(January 27, 2012) — Investors must scrutinize both what they own and what they don’t in order to overcome the endowment effect – one of the first cognitive biases to violate standard economic theory — according to a newly published article by Morningstar.
The article — titled “Investors Behaving Badly: Endowment Effect” — explains that the cognitive tendency to ‘love what you own’ applies to the shares, bonds, and funds in a portfolio. In other words, the article asserts that investors often overvalue what they already own.
“We’re trying to raise awareness about the type of research in the behavioral economics field,” the article’s author Lee Davidson, an ETF analyst with Morningstar, told aiCIO, adding that the aim of studying the field is to raise investor awareness, highlighting the tendance among investors to hold onto losing investments longer than they should.
The danger then, among investors, is that they fail to evaluate securities on a level playing field, failing to focus on the question that actually matters: How will my investments perform in the future?
“We naturally exhibit a tendency to be lenient on evaluating the performance of what we own. If the market says our stock is worth £10, we naturally think its worth more even before we perform any analysis whatsoever. Not surprisingly, this cognitive bias does us a disservice,” the report states.
The report continues: “For every type of investor, therefore, it is important to be cognizant of the endowment effect and judge the various products impartially as best as possible, especially when you already own one or more of them.”
The report by Morningstar follows another critical report published in May. According to Andrew Ang, professor of business, finance and economics at Columbia University, endowments around the country need to do a better job at figuring out how to allocate money among liquid and illiquid assets.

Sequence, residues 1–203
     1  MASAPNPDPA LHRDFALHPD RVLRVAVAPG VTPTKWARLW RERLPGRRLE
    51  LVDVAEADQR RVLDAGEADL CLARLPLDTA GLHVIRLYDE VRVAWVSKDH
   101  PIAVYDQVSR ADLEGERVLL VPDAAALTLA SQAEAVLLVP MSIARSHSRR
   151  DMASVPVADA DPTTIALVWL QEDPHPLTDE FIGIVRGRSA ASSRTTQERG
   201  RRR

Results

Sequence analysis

“For Harvard, the main problem during the financial crisis was that about 1/3 of the university operating revenues came from the endowment. In 2008, that endowment, like every university portfolio, had large losses,” Ang told aiCIO following the release of his research report, explaining that the four ways to fill the hole is to cut expenses, liquidate the portfolio, issue debt, or increase donations.
Ang’s paper draws attention to the central question — which he describes as a philosophical one — among endowment heads: How should you be allocating your money when you have liquid and illiquid assets in your portfolio? “Harvard’s endowment fell and they couldn’t meet their cash requirement because they tied up a majority of their portfolio in investments that were illiquid. They couldn’t sell at short notice or raise cash when required,” Ang says.
According to Ang, most endowments completely ignore illiquidity risk on asset allocation, largely due to the increasing percentage they have devoted to alternatives, most of which are illiquid. The increased allocation to alternatives, Ang believes, is due to institutional investors aiming to emulate the investing approaches of Harvard and Yale’s endowments. “Endowments largely achieved high returns till 2008, but if you chase returns without taking into account illiquidity, that risk really bites.”